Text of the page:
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Table of Contents

Lead Story

New moves for more mojo in '09


Industry Update

Online shoppers stay the course

Morgan Stanley sues Discover

TARP eases AmEx woes

Is TALF on target?

RBS staves off hackers

Shift4 podcast available


Mt. Snow clear for summit

Getting smart about contactless

Industry Leader

Paul Martaus –
The go-to guy

Selling Prepaid

SellingPrepaid now in print

Prepaid in brief

Going boldly into m-commerce

Achieve wellness with rewards

A new outlook for the unbanked


How to preserve self-regulation

Biff Matthews
CardWare International

A countertop tonic for recession blues

Bulent Ozayaz

Changes afoot, challenges ahead

George Sarantopoulos
The Access One Group


Street SmartsSM:
Become an enterprising networker

Jason Felts
Advanced Merchant Services Inc.

The new age in customer retention

Christian Murray
Global eTelecom Inc.

Rising above recession: 10 tips

Curt Hensley
CSH Consulting

PCI, an aspect of PII

Ross Federgreen, Ken Musante and Theodore Svoronos

PCI: What to hope for in 2009

Tim Cranny
Panoptic Security Inc.

Weathering the coming payment storms

Jeff Fortney
Clearent LLC

Company Profile

Charge Card Systems LLC

New Products

Seek profitable harbor with POS

Harbortouch POS Systems
Company: United Bank Card Inc.

Securing data on the edge

Cipher Security Module
Company: Semtek Corp.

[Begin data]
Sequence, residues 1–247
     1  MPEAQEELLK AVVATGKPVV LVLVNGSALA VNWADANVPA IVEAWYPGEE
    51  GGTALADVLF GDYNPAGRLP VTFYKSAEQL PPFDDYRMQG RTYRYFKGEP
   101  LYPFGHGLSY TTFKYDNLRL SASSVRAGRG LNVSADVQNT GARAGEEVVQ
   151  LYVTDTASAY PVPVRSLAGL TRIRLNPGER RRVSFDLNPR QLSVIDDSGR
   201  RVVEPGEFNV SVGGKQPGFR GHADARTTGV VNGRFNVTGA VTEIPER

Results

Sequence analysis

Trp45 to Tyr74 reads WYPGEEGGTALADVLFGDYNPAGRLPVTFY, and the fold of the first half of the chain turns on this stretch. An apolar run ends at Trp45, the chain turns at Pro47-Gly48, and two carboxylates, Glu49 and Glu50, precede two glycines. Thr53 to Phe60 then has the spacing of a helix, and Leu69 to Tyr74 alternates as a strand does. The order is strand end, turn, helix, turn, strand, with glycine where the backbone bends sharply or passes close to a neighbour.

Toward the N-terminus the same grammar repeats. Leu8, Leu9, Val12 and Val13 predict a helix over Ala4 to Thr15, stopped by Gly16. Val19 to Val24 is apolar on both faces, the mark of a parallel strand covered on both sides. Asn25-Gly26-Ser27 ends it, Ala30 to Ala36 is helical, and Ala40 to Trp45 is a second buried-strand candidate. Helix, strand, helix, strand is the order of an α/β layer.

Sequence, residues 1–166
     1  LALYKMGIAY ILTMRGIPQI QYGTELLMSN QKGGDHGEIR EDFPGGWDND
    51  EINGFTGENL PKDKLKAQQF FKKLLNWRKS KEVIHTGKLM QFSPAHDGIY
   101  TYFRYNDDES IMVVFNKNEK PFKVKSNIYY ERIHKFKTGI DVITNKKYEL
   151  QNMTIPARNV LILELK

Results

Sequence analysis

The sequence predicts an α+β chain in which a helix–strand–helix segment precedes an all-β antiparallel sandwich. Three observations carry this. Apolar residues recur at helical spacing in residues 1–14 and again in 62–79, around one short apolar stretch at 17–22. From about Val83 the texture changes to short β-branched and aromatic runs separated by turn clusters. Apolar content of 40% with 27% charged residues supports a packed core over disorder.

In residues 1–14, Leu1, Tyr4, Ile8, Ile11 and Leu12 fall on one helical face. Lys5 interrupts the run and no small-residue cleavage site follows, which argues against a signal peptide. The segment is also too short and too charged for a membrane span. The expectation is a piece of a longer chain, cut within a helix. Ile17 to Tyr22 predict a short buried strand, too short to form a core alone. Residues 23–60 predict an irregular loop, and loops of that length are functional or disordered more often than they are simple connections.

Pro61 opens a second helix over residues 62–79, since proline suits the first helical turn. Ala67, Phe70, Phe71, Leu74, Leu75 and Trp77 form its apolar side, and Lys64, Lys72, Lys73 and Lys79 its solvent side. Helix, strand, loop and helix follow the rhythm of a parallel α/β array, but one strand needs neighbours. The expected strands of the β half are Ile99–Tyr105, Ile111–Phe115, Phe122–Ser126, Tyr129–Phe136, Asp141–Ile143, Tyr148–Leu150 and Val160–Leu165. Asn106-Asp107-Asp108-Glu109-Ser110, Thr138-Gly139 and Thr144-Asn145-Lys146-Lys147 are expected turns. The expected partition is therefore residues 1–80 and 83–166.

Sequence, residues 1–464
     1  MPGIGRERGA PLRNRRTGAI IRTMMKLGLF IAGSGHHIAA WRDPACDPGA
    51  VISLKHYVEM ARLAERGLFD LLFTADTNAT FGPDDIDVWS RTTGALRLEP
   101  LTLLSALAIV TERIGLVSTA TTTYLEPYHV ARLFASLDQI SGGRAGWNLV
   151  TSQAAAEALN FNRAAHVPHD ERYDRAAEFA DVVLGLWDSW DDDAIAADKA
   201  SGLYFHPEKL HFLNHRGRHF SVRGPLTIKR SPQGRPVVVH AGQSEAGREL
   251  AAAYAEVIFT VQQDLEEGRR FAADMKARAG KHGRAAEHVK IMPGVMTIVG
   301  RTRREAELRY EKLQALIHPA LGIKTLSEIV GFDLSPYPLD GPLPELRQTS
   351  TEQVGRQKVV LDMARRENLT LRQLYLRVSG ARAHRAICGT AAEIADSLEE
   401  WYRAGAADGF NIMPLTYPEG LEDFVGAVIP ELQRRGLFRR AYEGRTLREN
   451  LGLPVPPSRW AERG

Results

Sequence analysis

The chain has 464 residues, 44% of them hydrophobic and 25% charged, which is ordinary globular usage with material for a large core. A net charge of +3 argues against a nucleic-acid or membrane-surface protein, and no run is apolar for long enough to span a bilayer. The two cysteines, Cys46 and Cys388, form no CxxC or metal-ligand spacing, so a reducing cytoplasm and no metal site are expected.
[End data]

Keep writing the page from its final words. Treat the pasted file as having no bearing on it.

Beyond resolutions

Beyond resolutions



Resource Guide


A Bigger Thing

The Green Sheet Online Edition

January 12, 2009  •  Issue 09:01:01

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New Products

Seek profitable harbor with POS

Product: Harbortouch POS Systems

Maintain merchant stickiness; that's the mantra for 2009. The way to do that is by offering merchants value added services. Gift and loyalty card programs, cash advance and back-office products and services are some of the ways ISOs and merchant level salespeople (MLSs) can keep their merchant customers from being snared by competing service providers.

But New Jersey-based ISO United Bank Card Inc. has gone a step farther in its merchant retention strategy by developing its own full-blown POS system. Harbortouch POS is designed for small and medium-sized businesses in the retail and hospitality verticals.

The system - which comes in two configurations (one for retail, the other for hospitality) - reportedly offers smaller merchants the same degree of functionality that big-box retailers and national chain store restaurants, hotels and motels enjoy with their POS systems.

Jim Surber, Vice President of UBC's POS division, illustrated the value of Harbortouch with a recent discussion he had with one of UBC's MLSs about a Harbortouch installation.

"That salesperson was out talking to one of his merchants," Surber said. "And the merchant said, 'You know, after a month I had $10,000 more in my pocket. After the second month I had another $8,400 in my pocket. This system is making me money.'"


Surber said that in the retail environment, Harbortouch excels at inventory management. "Not only having the right amount of inventory in stock, but having the right items," he noted. "You can have the right dollar amount of inventory but all the wrong items and you won't sell anything."